All variables analysed in the present study were measured at University of Santa Cruz do Sul by trained researchers. Height and weight were evaluated on the anthropometric scale with a coupled stadiometer (Filizola®, São Paulo, Brazil). Body mass index (BMI) was calculated by dividing body mass (in kilograms) by height (in square meters). To determine body fat percentage (%BF), tricipital and subscapular folds were measured using a Lange® caliper (Beta Technology, Santa Cruz, CA, USA), and the equation of Slaughter et al. was applied [10]. This prediction equation has been shown as reliable and valid for the prediction of BF% in children [11,12] including Brazilian children and adolescents aged from 5–17 years [13,14]. The Slaughter et al. [10] equation is one of the most widely used prediction equations for the determination of BF% in children [13]. Descriptive data by sex and age are shown in Table 1.

Statistical Methods

Differences in BMI and %BF were analysed using 2-way (sex-by-age) ANOVAs. Differences in BMI by age and sex (as fixed factors) controlling for difference in BF% were analysed using ANCOVA (taking BF% as the covariate). Recognising that BMI is positively skewed and unlikely to be normally distributed, we adopted a simple inverse transformation, known to overcome this problem [5,15]. A re-analysis of iBMI was conducted to confirm the divergent nature of the sex-by-age interaction (see Results).

3. Results

ANOVA revealed differences in BMI due to age (p < 0.001), sex (p = 0.016) but no age-by-sex interaction (p = 0.69). The means for BMI (mean ± SE) by age and sex are given in Table 1 and Figure 1.
However, these BMI means do not accurately reflect the age-by-sex differences in BF%. ANOVA revealed differences in BF% due to age (p = 0.022), sex (p < 0.001) and an age-by-sex interaction (p < 0.001), as given by Table 1 and Figure 2.
Indeed, when we analysed BMI by age and sex (as fixed factors) controlling for BF% using ANCOVA, the analysis revealed differences in both main effects age (p < 0.001), sex (p < 0.001) and the age-by-sex interaction (p < 0.001) (see Figure 3).
Clearly, for the same BF%, the boys mean BMIs increase steadily with age reflecting less BF% (more muscle mass) than girls as they go through puberty as seen in Figure 3. The mean differences in BMI (adjusted for BF%) by age between the boys and girls are given in Table 2. As children grow through puberty, the gap in BMI grows to over 4 BMI units by 16 years. These developmental changes in BMI emphasize a need to adjust BMI for body fatness to appropriately reflect overweight and obesity in children and adolescents.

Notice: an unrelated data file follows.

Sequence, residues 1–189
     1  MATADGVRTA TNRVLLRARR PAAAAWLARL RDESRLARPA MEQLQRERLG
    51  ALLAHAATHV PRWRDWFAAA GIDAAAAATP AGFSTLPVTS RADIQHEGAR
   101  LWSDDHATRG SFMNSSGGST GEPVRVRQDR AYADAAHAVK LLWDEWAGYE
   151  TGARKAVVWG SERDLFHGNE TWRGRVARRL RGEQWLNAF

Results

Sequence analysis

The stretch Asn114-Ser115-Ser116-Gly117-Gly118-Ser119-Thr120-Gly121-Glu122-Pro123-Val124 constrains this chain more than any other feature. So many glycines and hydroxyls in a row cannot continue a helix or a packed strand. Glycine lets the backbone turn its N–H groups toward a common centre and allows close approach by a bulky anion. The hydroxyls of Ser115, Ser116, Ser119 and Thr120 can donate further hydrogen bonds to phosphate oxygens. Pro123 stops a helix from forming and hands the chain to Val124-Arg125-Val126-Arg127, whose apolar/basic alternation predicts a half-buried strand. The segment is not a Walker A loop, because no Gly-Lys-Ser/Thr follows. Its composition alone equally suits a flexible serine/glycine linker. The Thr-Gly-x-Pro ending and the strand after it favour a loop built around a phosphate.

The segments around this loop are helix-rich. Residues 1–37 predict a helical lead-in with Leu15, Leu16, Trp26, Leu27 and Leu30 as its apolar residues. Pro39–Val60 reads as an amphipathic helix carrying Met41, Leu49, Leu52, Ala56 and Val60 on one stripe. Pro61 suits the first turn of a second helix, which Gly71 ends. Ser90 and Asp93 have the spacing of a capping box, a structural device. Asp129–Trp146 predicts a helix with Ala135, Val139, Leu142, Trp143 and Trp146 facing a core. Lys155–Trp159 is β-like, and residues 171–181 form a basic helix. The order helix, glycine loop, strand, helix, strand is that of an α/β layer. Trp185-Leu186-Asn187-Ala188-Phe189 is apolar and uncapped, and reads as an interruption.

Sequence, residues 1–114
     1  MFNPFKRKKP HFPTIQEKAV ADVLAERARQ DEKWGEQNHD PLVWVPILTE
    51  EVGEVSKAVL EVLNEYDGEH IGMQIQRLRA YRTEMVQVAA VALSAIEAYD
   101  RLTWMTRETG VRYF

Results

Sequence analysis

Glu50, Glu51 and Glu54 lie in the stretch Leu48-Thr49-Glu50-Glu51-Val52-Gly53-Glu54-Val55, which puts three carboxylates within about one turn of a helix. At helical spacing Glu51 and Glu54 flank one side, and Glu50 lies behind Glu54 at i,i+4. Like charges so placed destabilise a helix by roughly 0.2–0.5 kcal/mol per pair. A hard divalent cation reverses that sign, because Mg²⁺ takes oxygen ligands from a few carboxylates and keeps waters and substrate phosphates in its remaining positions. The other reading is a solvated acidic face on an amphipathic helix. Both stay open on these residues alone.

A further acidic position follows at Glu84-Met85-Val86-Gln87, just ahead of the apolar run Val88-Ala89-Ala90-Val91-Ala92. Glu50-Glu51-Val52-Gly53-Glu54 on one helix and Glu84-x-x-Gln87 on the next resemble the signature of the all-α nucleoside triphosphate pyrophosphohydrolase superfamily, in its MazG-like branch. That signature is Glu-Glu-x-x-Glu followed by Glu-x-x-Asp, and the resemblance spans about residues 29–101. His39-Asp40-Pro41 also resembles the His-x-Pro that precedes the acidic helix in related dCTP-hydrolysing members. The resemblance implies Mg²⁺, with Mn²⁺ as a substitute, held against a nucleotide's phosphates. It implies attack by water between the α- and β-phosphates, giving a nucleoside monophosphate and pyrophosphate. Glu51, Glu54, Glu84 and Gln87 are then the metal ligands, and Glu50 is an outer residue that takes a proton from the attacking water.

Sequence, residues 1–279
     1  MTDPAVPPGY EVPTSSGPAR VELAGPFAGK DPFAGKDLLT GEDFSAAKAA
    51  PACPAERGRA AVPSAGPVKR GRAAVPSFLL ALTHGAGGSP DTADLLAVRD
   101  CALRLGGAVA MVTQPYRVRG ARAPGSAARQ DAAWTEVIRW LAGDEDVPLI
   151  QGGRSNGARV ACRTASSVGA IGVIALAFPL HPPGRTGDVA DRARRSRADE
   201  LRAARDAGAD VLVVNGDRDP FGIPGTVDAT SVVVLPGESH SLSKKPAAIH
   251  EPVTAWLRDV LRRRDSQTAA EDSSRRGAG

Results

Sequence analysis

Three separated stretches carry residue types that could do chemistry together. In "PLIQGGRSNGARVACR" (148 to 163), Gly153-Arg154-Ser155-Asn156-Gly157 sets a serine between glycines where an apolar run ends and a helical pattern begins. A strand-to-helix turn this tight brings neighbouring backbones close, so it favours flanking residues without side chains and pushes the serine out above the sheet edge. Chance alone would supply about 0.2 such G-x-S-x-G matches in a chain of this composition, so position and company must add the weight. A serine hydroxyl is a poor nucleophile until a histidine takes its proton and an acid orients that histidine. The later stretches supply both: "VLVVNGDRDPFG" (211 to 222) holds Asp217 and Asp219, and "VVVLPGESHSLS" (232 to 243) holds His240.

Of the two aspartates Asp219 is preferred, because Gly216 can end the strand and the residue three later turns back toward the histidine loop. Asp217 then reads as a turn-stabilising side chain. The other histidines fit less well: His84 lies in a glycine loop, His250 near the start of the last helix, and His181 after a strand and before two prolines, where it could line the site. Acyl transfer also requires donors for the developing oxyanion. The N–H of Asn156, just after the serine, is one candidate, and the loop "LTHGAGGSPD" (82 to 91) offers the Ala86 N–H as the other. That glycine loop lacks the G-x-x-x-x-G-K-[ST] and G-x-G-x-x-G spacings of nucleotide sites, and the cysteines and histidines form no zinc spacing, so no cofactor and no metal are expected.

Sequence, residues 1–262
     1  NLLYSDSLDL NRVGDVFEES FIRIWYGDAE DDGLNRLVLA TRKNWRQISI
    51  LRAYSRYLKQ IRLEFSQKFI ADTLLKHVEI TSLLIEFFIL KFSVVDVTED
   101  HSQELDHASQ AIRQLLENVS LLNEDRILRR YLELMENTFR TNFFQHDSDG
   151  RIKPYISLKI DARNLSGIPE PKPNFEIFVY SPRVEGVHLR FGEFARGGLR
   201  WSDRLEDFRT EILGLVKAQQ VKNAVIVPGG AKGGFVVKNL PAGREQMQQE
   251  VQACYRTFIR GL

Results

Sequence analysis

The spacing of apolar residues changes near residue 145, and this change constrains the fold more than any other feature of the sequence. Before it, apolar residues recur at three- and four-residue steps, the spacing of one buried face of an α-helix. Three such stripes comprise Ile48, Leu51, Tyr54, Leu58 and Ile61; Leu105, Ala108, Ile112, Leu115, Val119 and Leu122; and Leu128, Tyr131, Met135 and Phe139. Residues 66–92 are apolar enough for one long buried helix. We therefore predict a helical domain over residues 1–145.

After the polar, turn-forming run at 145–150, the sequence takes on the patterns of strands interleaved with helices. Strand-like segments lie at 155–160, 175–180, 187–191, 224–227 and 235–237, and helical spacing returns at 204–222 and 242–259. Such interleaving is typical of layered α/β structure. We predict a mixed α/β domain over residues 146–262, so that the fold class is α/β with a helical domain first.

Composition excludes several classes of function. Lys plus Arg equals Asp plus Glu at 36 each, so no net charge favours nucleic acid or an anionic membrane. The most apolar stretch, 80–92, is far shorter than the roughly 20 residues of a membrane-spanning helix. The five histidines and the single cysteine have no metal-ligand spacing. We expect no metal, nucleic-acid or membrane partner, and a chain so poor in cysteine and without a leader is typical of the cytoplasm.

BMI, similar to body mass, is known to be positively skewed and not normally distributed. This was confirmed when the residuals from the ANCOVA of BMI were saved and found to violate the normality assumption (see Table 3). A simple transformation (inverse BMI) is known to rectify this problem [5].
When the ANCOVA was repeated using iBMI as the response variable, for the same BF%, the boys’ mean iBMIs declines steadily with age reflecting less BF% (more muscle mass) than the girls’ as they go through puberty (see Figure 4). As can be seen in Table 3, the residuals are much more normally distributed. The mean differences in iBMI (adjusted for BF%) by age between the boys and girls are given in Table 4 (note that the equivalent BMIs and sex differences are also reported).

4. Discussion

The current study highlights important developmental trajectories of BMI and body fat changes during childhood and adolescence. While the limitations of BMI as a measure of obesity are well known, the present study highlights in a clear way the issues faced by public health professionals in the understanding and use of BMI in such situations. Our results demonstrate that when considered in isolation, there was no significant interaction in the age-by-sex differences in BMI in children and adolescents aged 7–16 years (see Figure 1). However, taking BMI in isolation hides an important issue if BMI is to be considered robust as a measure of overweight and obesity. In our subsequent analysis, when we controlled for percent body fatness, the analysis reveals considerable age-by-sex differences in BMI. The results of the present study, therefore, highlight that if we do not adjust for body fatness, BMI appears similar between sex groups, but if we account for body fatness, there is a considerable difference in BMI as children develop into adolescents.